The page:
Santiago, Chile is a really underrated city on the travel circuit. We went there expecting nothing more than a big city, but were surprised with the culture, Euro-style beauty and awesome food.
We were coming from our Workaway job in the Colchagua Valley where we had been off-the-grid for a month. We stayed in a nice, but rustic volunteer cabin there shared with the two other volunteers, and before that we had been doing a bunch of hiking and camping, so it had been a while since we had hotel night. Some incredibly generous and thoughtful friends gave us a Marriott gift card as a going away present, very wisely saying “after a few months in hostels and camping, you’ll enjoy this more than you’ve ever enjoyed a hotel before”. Smart folks!
So we booked the brand new Marriott hotel in Santiago, in the posh-est part of town. Of course, arriving as dirty backpackers gets some strange looks, but they took great care of us.
We grabbed pisco sours on the rooftop bar overlooking the Andes and took advantage of the gym, sauna and hot tub.
We weren’t done with being high rollers though!! Rick knows my foodie tendency and had researched a list of the best restaurants globally. Some were clearly out of our price and attire range (I’m looking at you, Europe!), but Santiago had one of the top 50 in the world that fit us just right. I thought there was no way we could get a reservation on such short notice, but Rick worked his magic and with the help of an in-the-know concierge, who incidentally dubbed us “Very Important International Guests of the Marriott”, we got a table. There are only eight tables in the restaurant, one seating per night.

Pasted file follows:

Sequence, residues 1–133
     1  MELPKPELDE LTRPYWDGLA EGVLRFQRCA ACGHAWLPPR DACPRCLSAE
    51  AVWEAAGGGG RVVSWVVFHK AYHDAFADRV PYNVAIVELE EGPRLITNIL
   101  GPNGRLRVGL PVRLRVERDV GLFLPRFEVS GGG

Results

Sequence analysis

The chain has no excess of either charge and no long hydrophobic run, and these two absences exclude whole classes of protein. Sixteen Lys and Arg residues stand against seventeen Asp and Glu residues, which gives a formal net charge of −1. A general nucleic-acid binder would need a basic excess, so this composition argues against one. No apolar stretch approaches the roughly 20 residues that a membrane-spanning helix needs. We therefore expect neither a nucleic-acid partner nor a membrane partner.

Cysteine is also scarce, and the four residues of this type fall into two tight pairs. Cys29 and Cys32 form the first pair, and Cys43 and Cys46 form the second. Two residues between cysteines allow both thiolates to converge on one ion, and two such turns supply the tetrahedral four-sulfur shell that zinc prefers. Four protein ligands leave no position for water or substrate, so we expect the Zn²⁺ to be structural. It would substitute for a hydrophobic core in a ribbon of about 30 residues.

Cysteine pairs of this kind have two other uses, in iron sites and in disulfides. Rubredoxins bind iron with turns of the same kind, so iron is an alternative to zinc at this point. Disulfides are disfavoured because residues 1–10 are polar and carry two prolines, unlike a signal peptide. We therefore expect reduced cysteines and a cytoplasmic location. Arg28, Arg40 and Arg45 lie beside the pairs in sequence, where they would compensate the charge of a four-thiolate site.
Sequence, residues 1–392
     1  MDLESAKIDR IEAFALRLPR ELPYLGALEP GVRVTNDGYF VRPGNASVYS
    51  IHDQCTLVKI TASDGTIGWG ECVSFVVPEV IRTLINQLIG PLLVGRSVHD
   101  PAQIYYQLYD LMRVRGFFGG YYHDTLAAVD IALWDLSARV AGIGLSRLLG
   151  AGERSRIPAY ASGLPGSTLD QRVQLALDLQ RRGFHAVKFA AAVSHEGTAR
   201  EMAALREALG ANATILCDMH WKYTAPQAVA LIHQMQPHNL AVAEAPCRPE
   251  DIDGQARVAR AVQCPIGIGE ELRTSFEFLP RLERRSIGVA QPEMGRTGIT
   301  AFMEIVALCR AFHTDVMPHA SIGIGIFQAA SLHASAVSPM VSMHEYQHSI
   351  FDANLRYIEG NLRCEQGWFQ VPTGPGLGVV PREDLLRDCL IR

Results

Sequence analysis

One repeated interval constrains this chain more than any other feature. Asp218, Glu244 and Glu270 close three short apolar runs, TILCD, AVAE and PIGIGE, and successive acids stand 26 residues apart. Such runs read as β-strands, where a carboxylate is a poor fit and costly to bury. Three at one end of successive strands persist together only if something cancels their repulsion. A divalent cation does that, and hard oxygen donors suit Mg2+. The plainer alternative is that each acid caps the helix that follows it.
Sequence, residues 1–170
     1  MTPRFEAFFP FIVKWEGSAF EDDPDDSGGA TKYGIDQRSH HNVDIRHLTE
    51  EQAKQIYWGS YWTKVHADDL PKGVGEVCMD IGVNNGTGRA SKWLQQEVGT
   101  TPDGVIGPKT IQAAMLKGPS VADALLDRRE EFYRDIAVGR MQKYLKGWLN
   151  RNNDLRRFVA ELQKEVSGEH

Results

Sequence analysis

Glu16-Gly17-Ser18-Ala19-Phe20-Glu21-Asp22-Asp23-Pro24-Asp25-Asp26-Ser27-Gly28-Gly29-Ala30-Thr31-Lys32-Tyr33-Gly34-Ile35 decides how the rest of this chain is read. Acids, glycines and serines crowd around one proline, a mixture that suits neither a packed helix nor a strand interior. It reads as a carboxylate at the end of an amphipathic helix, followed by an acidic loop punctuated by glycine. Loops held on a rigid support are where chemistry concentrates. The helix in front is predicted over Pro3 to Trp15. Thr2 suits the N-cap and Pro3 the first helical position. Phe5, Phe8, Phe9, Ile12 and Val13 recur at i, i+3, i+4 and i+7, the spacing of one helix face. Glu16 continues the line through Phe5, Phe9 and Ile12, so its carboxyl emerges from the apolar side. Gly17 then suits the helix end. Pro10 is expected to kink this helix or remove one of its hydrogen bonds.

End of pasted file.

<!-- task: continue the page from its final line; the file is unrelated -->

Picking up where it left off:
We arrived at Boragó and were immediately wowed by the attentive staff and open kitchen. The restaurant is all based on using ingredients endemic to Chile, especially little known ingredients, and creating dishes that highlight those natural flavors. If you haven’t noticed, and I really didn’t until I rode buses the full length of it, Chile is a HUGE country. It stretches most of the length of South America and is extraordinarily diverse.
Of course we went big and did the fifteen or so course tasting with wine pairings, and it was out of this world! Each and every course was a visual work of art, told a beautiful story (which was explained to us by the chef each time he brought food out), and tasted incredible.
Its hard to choose a favorite, but a couple of our top picks were the Jaiba crab with flakes from natural sea rock minerals, the veal cooked in milk, and the sheep’s milk dessert. The wine pairings were incredible as well. In fact, the Viognier was so good it got us hooked on the varietal and it’s been our go-to wine if we can find it for the last month. It was Laurent Zaphire Viognier 2013 from Maipo. If you find a Viognier from Chile, it’s definitely worth getting a bottle– and telling us where you found it!